Date of Speech: 12 October 2012 Category: Famous Grader



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Name of politician: Donald Tusk

Title of Speech: Second inauguration speech as a Prime Minister

Date of Speech: 12 October 2012

Category: Famous

Grader: Izabela Surwillo

Date of grading: 29/04/2013
Final Grade (delete unused grades):
0 A speech in this category uses few if any populist elements. Note that even if a manifesto expresses a Manichaean worldview, it is not considered populist if it lacks some notion of a popular will.



Populist

Pluralist

It conveys a Manichaean vision of the world, that is, one that is moral (every issue has a strong moral dimension) and dualistic (everything is in one category or the other, “right” or “wrong,” “good” or “evil”) The implication—or even the stated idea—is that there can be nothing in between, no fence-sitting, no shades of grey. This leads to the use of highly charged, even bellicose language.

The discourse does not frame issues in moral terms or paint them in black-and-white. Instead, there is a strong tendency to focus on narrow, particular issues. The discourse will emphasize or at least not eliminate the possibility of natural, justifiable differences of opinion.
To tak zwane drugie exposé będzie w dużej części poświęcone działaniom gospodarczym, jakie rząd, właściwie wszyscy Polacy powinni podjąć, aby Polska nadal była bezpieczna w czasie globalnego zawirowania, a nic nie wskazuje na to, aby rok 2013 był rokiem w wymiarze globalnym i europejskim rokiem łatwiejszym czy spokojniejszym.
This so-called second expose will be in large part devoted to the economic activity, which the government, or in fact all the Poles, should undertake in order for Poland to be continuously safe during the global financial troubles, since there is no sign that the year 2013 will be an easier or calmer year both globally and in Europe.


The moral significance of the items mentioned in the speech is heightened by ascribing cosmic proportions to them, that is, by claiming that they affect people everywhere (possibly but not necessarily across the world) and across time. Especially in this last regard, frequent references may be made to a reified notion of “history.” At the same time, the speaker will justify the moral significance of his or her ideas by tying them to national and religious leaders that are generally revered.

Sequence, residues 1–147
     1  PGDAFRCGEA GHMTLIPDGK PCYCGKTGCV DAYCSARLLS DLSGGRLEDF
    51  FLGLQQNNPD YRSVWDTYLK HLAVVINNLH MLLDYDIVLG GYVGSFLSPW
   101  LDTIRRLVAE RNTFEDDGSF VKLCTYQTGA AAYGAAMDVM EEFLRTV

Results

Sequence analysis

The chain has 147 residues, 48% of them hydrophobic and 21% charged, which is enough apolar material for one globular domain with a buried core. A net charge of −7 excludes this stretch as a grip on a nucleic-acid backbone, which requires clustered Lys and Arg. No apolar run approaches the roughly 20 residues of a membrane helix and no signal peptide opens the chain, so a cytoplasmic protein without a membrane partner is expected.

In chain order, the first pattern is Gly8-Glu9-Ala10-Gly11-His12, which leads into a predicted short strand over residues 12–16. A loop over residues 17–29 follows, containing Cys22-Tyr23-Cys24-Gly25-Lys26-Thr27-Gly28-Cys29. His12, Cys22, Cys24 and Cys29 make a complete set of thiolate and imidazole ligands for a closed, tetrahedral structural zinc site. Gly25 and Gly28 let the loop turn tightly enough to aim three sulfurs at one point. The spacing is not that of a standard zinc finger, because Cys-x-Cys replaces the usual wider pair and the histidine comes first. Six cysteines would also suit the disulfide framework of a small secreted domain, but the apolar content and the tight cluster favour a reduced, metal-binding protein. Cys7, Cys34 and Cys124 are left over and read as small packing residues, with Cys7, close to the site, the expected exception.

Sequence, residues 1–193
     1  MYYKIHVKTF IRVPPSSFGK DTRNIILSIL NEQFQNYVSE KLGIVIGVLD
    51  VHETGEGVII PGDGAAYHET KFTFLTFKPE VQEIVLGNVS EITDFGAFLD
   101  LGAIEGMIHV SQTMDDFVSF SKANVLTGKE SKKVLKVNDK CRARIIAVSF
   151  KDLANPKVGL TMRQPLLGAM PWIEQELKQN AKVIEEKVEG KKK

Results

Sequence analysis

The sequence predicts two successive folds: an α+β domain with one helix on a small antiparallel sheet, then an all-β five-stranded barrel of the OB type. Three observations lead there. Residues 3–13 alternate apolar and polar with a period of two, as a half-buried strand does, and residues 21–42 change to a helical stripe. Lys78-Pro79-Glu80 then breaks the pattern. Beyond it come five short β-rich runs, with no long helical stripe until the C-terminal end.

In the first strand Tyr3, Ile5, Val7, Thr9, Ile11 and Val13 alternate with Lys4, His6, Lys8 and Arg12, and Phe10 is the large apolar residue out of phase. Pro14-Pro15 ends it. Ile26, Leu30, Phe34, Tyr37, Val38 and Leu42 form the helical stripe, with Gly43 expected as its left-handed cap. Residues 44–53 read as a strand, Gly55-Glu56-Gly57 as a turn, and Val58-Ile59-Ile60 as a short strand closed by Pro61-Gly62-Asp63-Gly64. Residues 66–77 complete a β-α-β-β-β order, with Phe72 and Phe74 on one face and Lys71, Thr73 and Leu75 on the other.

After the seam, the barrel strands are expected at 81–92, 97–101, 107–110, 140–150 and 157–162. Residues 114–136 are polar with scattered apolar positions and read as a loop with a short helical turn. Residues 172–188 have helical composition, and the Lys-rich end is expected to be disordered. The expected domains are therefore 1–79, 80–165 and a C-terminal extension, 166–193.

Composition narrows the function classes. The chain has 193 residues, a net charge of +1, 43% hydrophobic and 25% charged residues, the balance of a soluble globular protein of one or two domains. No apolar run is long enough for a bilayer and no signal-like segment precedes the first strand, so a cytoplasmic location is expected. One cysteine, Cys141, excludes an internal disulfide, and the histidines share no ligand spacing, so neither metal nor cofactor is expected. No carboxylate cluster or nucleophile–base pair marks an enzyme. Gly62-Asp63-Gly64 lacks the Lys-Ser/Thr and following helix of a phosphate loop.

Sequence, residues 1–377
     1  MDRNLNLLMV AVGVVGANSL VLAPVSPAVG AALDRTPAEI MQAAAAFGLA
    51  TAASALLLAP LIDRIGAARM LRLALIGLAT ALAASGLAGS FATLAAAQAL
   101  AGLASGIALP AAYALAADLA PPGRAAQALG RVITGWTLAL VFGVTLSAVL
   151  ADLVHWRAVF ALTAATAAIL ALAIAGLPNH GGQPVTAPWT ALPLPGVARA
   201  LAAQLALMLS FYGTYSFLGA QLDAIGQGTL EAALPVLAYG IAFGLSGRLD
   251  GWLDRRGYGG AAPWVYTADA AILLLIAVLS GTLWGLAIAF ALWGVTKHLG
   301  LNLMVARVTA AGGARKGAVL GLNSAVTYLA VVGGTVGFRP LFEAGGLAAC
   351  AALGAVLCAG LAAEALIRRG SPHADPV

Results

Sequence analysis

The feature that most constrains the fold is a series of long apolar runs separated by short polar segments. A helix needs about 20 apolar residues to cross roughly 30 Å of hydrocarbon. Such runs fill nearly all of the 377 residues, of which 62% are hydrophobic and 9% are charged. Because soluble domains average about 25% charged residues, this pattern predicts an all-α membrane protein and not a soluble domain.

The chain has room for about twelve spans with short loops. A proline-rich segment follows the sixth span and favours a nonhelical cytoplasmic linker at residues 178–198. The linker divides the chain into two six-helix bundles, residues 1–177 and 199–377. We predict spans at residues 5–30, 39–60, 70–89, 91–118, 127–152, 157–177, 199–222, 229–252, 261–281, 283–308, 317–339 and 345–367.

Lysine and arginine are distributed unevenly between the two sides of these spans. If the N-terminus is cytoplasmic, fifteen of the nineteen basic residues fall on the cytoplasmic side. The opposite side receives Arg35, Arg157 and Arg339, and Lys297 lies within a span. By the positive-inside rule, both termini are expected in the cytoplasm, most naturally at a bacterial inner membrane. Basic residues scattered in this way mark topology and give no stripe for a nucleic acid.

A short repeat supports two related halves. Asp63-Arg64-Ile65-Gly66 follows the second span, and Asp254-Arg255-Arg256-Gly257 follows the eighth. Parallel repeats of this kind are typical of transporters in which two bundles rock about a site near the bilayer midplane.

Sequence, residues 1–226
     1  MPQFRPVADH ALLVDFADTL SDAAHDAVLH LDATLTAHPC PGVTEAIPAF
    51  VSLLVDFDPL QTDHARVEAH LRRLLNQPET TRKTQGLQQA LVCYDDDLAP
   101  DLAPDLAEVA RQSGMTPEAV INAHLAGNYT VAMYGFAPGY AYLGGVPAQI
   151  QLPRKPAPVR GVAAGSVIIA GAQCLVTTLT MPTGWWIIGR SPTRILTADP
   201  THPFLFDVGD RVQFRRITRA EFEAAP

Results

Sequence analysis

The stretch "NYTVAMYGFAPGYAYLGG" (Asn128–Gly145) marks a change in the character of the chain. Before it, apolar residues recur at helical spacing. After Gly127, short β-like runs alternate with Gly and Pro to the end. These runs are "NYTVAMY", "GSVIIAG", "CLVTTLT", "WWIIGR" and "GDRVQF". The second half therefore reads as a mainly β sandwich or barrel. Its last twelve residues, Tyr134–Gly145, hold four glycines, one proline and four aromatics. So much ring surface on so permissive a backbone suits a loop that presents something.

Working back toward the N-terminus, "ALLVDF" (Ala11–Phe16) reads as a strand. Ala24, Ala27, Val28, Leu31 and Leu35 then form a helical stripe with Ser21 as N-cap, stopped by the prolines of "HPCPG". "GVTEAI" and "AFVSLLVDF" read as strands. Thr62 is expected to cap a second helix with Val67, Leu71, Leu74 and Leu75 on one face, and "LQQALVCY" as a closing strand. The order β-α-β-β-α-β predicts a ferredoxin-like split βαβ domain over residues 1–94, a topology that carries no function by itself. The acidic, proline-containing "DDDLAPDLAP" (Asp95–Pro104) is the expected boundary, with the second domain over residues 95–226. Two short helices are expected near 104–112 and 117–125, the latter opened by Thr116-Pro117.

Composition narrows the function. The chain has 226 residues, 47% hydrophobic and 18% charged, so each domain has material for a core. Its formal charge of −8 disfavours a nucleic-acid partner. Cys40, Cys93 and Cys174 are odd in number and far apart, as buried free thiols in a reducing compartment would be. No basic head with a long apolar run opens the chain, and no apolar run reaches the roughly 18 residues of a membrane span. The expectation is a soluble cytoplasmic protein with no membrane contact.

The discourse will probably not refer to any reified notion of history or use any cosmic proportions. References to the spatial and temporal consequences of issues will be limited to the material reality rather than any mystical connections.

Although Manichaean, the discourse is still democratic, in the sense that the good is embodied in the will of the majority, which is seen as a unified whole, perhaps but not necessarily expressed in references to the “voluntad del pueblo”; however, the speaker ascribes a kind of unchanging essentialism to that will, rather than letting it be whatever 50 percent of the people want at any particular moment. Thus, this good majority is romanticized, with some notion of the common man (urban or rural) seen as the embodiment of the national ideal.


Democracy is simply the calculation of votes. This should be respected and is seen as the foundation of legitimate government, but it is not meant to be an exercise in arriving at a preexisting, knowable “will.” The majority shifts and changes across issues. The common man is not romanticized, and the notion of citizenship is broad and legalistic.